Published in the “B” Side

VISITING WITH THE VONVETTAS

By: Alexa Peters

Sam Chue, a staple of the local music scene, namely as a co-founder of The Vonvettas, is going places. Literally. He just got home from an impromptu cross-country solo tour, and can think of little else besides hitting the road again, this time with the rest of The Vonvettas, a dream that with the release of their new highly anticipated, thirty-track album, “Lucy and Jet Black” will become reality.

But the story of Chue and The Vonventtas starts years before all this buzz.

“I began playing music in the fifth grade, starting with the drum set,” Chue said, “then my dad taught me the guitar.” A native of the Bellingham area, Chue comes from a family and community that’s “very musical, wherever you go in Bellingham there’s always another person who plays guitar better than you, or sings better than you. I love that there’s always room to grow.” And grow he did.

After years of playing on his own, Chue met the other half of The Vonvetta’s songwriting partnership, Thayne Yazzie, in the halls of Sehome High School.

“Thayne and I have this really amazing thing together, something I don’t think I’ll find again, at least not in this lifetime. We have a similar artistic vision, and we both are very committed to our music,” said Chue.

Shortly after meeting, they formed the first incarnation of the band called Olio and began playing and developing a following. Then they were forced to change their name after another California band named Olio bought the rights for the name.

“We had written a song called Vivid Vonvetta, so I suggested to Thayne that we use ‘Vonvettas’ as our name instead,” Chue said.

Thus, after a couple personnel switches in the rhythm section, The Vonvettas were born: Chue on guitar and vocals, Yazzie on lead guitar, Lyman Lipke on bass, and both Eli Savage and Dan Frank on drums.

About the band’s influences, Chue said, “Everyone who knows me, knows I am influenced most by Tom Waits and Ween, a psychedelic alternative band from the nineties. The dynamic duo of  Ween–Dean (Mickey Melchiondo) and Gene Ween (Aaron Freeman)–are what Thayne and I model our band off of.”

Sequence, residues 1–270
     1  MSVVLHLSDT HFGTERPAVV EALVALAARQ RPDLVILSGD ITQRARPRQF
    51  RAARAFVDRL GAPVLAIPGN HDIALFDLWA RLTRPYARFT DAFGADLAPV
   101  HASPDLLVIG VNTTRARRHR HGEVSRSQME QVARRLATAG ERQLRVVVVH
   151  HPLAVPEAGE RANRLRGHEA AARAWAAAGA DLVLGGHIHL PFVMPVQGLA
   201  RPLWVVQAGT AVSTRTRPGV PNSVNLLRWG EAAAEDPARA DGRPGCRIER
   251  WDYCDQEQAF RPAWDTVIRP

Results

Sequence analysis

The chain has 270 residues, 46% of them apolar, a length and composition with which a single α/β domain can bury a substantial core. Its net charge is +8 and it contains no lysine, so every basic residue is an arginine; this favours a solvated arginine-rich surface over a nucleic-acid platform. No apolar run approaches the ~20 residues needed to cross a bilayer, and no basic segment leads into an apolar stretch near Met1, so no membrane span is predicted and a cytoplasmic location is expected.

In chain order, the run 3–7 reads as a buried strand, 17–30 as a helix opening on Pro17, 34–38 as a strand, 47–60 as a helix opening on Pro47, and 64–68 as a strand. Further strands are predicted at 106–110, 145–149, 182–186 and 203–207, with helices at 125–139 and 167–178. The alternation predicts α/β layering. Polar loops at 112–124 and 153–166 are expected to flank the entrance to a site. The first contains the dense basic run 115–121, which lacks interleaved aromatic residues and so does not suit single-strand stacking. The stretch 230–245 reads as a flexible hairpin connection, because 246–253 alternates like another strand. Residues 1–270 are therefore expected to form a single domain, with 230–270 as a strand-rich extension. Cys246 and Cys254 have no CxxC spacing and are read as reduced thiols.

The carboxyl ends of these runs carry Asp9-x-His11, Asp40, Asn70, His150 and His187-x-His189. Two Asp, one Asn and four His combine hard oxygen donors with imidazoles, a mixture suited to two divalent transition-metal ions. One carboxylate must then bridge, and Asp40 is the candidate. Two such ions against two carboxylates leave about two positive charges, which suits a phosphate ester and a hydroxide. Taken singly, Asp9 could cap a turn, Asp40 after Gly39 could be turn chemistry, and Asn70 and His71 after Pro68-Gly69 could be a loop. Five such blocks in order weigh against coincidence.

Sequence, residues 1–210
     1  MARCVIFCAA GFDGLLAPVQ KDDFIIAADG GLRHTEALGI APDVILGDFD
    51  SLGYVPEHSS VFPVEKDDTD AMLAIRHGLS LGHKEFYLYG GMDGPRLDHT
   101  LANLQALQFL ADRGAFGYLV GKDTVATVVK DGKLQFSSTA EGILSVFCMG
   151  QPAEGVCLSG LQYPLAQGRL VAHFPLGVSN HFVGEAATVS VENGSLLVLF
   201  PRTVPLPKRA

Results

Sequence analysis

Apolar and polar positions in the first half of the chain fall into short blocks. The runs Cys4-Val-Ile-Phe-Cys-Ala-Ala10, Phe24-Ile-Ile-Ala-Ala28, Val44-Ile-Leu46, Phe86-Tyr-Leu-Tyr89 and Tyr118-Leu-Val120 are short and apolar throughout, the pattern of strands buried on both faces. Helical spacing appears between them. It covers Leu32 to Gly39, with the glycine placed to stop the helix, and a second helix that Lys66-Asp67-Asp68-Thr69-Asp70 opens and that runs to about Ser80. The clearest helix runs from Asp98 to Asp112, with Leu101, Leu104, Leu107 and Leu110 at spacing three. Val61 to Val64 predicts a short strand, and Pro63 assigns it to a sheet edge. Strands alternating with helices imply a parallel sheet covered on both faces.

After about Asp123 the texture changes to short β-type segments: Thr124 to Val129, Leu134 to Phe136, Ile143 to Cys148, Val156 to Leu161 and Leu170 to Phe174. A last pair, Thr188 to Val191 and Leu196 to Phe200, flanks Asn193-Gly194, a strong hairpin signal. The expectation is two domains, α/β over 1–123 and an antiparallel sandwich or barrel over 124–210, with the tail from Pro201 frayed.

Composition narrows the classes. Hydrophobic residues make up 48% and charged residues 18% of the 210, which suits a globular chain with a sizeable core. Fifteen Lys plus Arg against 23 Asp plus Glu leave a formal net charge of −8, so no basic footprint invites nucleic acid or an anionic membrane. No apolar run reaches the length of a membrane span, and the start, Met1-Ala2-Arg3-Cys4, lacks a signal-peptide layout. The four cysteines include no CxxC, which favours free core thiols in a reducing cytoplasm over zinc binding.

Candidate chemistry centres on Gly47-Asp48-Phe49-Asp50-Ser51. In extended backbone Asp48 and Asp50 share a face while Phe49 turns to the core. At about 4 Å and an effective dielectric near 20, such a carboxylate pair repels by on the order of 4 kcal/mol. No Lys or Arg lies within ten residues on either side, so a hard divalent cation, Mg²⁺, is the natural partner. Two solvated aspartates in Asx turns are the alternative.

Amusingly, Chue’s solo tour took him to New Hope, Pennsylvania, the birthplace of Ween. Although he knew that going in, he never expected he’d run into Mickey Melchiondo (Dean Ween) himself.

“I was standing at the bar smoking when I heard, ‘what kind of guitar you got there?’ I turned around and there was Dean Ween. I was totally in awe–he’s a childhood hero!”

Aside from Waits and Ween, Chue says he is influenced by Arlo Guthrie, Leo Kotky and Taj Mahal. “I love the story-telling and melody-sharing aspects of folk and blues, I really relate to it. Plus, I love using the blues pentatonic scale in my playing,” Chue said. This melding of folk Americana, rock, and blues is what creates their identifiable sound.

Currently, the group just completed their first double-disk studio album entitled, “Lucy and Jet Black.” The name is inspired by Chue’s dog, Jet Black, and Yazzie’s dog, Lucy, who died around the same time.

“I’d had Jet since I was three, he lived a full life, but Thayne’s dog Lucy was hit by a state trooper as a puppy,” Chue said, “in light of these stories, we thought we’d have one CD of older, backlogged stuff, and one CD of our newer material.”

The band reached their minimum goal of $2,500 on Kickstarter on November 13th, allowing them to complete the project and according to the words on Kickstarter, to “spread [their] love and passion of music/art to greater audiences worldwide.”

That ‘passion’ is one of originality, authenticity, and integrity. As Chue sums up, “For Thayne and I, it’s the songs that is the most important…we believe that if you write what’s true and important to you, people will recognize your authenticity.”

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